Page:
Really appreciate such sound advice Schtum, can't agree more about making sure the end result is what is important. She is physically uncomfortable a lot of the time, particularly with using tampons and so finds it difficult to forget about it entirely. I am sure this exacerbates her self conciousness about it and her sense of being vulnerable in a bikini which she feels she has to adjust to make sure nothing is showing. As you can imagine many hours trawling the internet which leaves you realising there are many others out there suffering, but also left me feeling rather queasy and no less certain about things. Good point about asking medical friends - will take a deep breath and discuss this with DDs Godmother who is a doctor. As I said not something I have discussed over coffee with anyone and judging from the almost clamouring silence on my post perhaps still too uncomfortable a subject for many. As you say Figgyrolls this is very different from boobs and whilst we all may end up a bit ropey down there after a few kids, starting out this way particularly for this generation is unbelievably tough. Thanks both for your words.

ThePrincessRoyalFiggyrolls Wed 15-Jun-11 20:39:08

Good luck with your journey and with your dd's journey virgin, I really hope its a smooth one for you.

darleneoconnor Wed 15-Jun-11 20:44:03

I'd just say make sure the problem is physical and not mostly a psychological problem before resorting to surgery. If she has the surgery then it turns out it was mostly a psychological problem ger fixation will just switch to another part of her body, and then where does it end? Has she had any counselling?

alice15 Wed 15-Jun-11 20:55:26

Mm, I think darlene has a good point. One of my daughters has a great many issues about her appearance - every tiny variation (not even imperfections) which she feels deviates from the ideal airbrushed norm is a huge deal for her. I am pretty sure that if one area were magically improved then another would become a problem for her.
If two doctors have said your daughter could have surgery on the NHS, then presumably there is a physical issue that really exists, but I agree that she (and you) need to be sure it's the only problem. Do you think she is happy with her body otherwise? Is it just one issue which would really go away in her mind if it were dealt with, like sticking-out ears or a birthmark, or might her issues remain after surgery? It would be awful for her to go through such a traumatic thing and still be as worried about things afterwards. What a horrible position for you both - I do sympathise.

BusyBodd Wed 15-Jun-11 21:45:26

Assuming you're in the UK there was an item on this on Embarrassing bodies TV programme, and they have some info on their site here:

There are lots of comments at the bottom of the page expressing a range of opinions; it might help you and your daughter to have some more conversations. There are also some pictures showing women with similar things - it might be reassuring for her to know she's not alone.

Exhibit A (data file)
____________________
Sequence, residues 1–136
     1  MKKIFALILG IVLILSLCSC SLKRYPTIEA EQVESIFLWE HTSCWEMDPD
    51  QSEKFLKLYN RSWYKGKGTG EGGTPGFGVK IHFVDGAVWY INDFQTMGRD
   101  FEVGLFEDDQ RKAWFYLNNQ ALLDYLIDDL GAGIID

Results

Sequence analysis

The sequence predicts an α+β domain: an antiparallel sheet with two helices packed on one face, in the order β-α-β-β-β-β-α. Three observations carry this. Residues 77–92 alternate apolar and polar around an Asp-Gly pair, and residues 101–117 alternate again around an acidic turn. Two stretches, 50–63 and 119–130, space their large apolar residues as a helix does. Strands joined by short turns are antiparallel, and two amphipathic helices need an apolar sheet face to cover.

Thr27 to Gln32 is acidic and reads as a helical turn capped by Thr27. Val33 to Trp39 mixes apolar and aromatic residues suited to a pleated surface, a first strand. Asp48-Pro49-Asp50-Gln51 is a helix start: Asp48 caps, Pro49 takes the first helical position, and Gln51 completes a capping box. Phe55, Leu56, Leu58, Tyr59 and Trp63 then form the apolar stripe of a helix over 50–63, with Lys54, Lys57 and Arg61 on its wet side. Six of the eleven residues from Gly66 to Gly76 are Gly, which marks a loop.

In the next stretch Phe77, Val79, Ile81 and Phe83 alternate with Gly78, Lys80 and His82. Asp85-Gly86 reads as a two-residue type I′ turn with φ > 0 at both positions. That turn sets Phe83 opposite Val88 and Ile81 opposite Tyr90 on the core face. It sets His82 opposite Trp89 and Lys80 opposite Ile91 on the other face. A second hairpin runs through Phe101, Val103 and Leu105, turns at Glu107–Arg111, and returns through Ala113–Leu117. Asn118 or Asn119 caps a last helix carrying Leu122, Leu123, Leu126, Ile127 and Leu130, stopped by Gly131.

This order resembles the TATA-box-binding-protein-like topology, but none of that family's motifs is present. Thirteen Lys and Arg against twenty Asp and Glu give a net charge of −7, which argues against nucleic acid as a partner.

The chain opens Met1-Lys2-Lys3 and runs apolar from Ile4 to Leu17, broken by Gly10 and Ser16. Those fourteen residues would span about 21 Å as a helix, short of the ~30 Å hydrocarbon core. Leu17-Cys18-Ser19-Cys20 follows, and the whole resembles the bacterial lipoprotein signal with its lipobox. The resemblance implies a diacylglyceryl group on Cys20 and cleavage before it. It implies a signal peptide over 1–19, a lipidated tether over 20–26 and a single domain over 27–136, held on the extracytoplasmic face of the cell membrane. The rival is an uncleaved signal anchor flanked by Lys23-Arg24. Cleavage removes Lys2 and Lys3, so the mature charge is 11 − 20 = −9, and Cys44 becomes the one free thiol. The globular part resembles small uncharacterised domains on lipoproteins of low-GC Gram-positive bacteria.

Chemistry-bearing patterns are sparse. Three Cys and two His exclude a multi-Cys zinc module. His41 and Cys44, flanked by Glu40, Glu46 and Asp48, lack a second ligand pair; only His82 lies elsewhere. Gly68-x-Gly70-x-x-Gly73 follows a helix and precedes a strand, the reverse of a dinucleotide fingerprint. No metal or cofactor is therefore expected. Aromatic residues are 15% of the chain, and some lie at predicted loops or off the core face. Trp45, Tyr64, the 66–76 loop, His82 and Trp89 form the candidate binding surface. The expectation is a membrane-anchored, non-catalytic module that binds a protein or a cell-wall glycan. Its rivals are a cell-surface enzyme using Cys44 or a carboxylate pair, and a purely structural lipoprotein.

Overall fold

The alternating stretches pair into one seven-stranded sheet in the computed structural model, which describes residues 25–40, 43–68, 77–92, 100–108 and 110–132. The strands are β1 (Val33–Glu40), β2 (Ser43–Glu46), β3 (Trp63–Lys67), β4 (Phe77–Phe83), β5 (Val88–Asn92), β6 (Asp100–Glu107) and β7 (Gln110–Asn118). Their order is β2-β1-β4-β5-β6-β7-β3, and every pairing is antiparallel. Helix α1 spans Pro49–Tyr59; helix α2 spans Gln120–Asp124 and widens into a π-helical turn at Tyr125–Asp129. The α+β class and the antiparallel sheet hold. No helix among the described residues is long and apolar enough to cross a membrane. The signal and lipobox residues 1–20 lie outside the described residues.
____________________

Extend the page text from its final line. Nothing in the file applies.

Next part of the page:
I feel for you both - being a teenager is hard enough without having to figure out something like this!

Schtum Wed 15-Jun-11 23:04:07

I would suggest that if the GP says that virgin's DD's situation is significant enough for her to be eligible for this procedure on the NHS then it is unlikely that she is simply suffering from some sort of underlying dysmorphia that could result in a "where will it all end" compulsion to persue further cosmetic enhancement.

Furball Thu 16-Jun-11 06:55:17

don't know if this site is any help.

it is literally loads of casts of ladies bits. The artist says, they come in all sorts of shapes and all sorts of sizes (and he's obviously seen quite a few!)

On one of the videos there he says stuff about being sure about surgery etc.
Just thought it might help your dd to see that everyone is not the same smile

Schtum Thu 16-Jun-11 07:29:01

Interesting link Furball to a very thought-provoking piece of work. There are no two alike. Gosh!

ThePrincessRoyalFiggyrolls Thu 16-Jun-11 12:01:25

Funnily enough there was a comment on Embarrassing bodies just last night about surgery on the labia and how in many cases for porn "cosmetic" reasons (god don't those women give the rest of us a lot of grief with their identikit lady bits?) can actually be damaging to other "functions" such as peeing. However I only paid attention because of this thread funnily enough!

That being said your GP obviously feels that this is something to be addressed in the future at some point.

I saw a doc about the vaginal wall a couple of years ago I think and it is very very interesting!

BusyBodd Thu 16-Jun-11 20:40:26

Thanks Furball for the link...what a wonderful piece of work and didn't the male artist seem so decent and respectful; several times when asked about his preference he said he didn't have one and that the person was more important than their bits.

vscott Mon 20-Jun-11 01:06:32

Message deleted by Mumsnet.

Scotsfairy Thu 23-Jun-11 18:56:19

The below documentary covering this subject was on quite recently and was quite interesting: